The other day Bishop Kagan celebrated Mass for our local homeschool group to signal the beginning of another academic year. We were very grateful to him for this.
Two of my sons served this Mass. (Paul, of course, could not, as he was still in the hospital.) Their particular roles during the Mass were to take care of the Bishop’s mitre and crosier. Each son wore a special cope draped over his shoulders, which he used to cover his hands, so as to never touch either object. For only the bishop may touch these holy items.
It was impressive to watch this interplay of giving and receiving. One instinctively knew that something special was being given and received each time, by nature of that cope. It was out of the ordinary and beautiful. I wish I had a picture of it.
Kagan’s homily was beautiful too, even though it appeared to have nothing to do with the Mass readings. Rather, it was all about the Real Presence in the Eucharist. At the time I wondered if he was reflecting on the recent Pew Research Poll showing that 69% of Catholics don’t believe in the Real Presence. In other words, the majority of Catholics believe the Eucharist to be only a symbol, which is nothing short of a tragedy.
My Husband is Spot On
I called my husband that night (he was still in the hospital with Paul) and told him about the Mass, about Kagan’s homily, about the boys serving, and finally about the special treatment of the mitre and the crosier.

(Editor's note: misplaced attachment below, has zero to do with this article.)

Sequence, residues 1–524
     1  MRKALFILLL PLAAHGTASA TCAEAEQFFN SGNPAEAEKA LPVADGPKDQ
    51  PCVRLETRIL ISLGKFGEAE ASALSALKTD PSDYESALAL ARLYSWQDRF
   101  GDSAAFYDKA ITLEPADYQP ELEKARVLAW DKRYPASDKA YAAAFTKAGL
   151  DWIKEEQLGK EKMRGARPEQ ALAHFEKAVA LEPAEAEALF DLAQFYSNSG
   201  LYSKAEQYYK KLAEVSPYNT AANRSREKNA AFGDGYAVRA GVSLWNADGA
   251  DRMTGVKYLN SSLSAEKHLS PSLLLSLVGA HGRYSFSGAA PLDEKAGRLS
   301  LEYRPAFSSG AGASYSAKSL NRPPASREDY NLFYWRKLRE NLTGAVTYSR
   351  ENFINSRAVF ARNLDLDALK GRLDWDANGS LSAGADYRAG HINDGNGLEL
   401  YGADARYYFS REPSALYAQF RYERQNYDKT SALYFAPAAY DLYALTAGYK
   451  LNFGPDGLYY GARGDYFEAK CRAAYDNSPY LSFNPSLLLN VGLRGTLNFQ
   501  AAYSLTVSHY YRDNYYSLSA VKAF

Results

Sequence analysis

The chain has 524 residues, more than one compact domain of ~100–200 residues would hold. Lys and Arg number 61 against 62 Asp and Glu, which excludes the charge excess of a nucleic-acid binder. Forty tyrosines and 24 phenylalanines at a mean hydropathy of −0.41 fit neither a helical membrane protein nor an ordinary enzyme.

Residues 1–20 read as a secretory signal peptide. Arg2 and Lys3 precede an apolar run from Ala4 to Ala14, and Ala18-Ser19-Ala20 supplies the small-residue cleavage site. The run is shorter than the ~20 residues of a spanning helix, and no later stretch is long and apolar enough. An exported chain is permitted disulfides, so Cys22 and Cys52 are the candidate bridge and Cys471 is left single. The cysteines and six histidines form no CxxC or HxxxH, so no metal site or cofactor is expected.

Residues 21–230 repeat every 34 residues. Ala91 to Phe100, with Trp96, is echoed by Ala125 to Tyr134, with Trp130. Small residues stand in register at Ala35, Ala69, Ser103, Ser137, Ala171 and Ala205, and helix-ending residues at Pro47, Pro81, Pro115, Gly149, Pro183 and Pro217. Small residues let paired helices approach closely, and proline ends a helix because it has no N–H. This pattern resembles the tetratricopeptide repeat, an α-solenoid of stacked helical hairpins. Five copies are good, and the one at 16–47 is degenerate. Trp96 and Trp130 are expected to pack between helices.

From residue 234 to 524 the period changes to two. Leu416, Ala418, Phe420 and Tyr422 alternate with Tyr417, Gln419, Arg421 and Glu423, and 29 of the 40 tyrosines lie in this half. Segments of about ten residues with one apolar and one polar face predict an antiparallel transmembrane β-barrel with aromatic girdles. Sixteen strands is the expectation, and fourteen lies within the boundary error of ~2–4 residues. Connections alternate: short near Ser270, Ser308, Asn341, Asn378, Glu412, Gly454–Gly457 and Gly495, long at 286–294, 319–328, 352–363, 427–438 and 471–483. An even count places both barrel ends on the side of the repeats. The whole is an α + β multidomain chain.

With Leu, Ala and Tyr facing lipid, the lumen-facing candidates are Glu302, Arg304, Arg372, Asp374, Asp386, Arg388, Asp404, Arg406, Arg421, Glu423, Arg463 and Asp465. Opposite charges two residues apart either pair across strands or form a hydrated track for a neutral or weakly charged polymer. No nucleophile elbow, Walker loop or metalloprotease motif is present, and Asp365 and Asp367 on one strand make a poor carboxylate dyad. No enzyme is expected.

My husband was quiet a moment and then said, “It is beautiful how carefully and respectfully the bishop’s mitre and crosier were handled. You know, we used to treat the Eucharist this way too. No one touched Him with his hands. Rather, we knelt at an altar rail, and we received Him on our tongues.”
My husband sighed and went on, “I wonder if there would be more belief in the Real Presence if our actions showed what our hearts believed?”
“You mean,” I said, “if churches were to bring back altar rails and patens and if we all knelt once again? You think it would help Catholics believe in Jesus’ Real Presence?”
Lex Orandi, Lex Credendi
This got me thinking. Of course our actions and our postures matter. There is a little phrase that one comes by, “Lex orandi, lex credendi.” It means that how you pray will affect how you believe. For our actions and postures aid our faith and belief.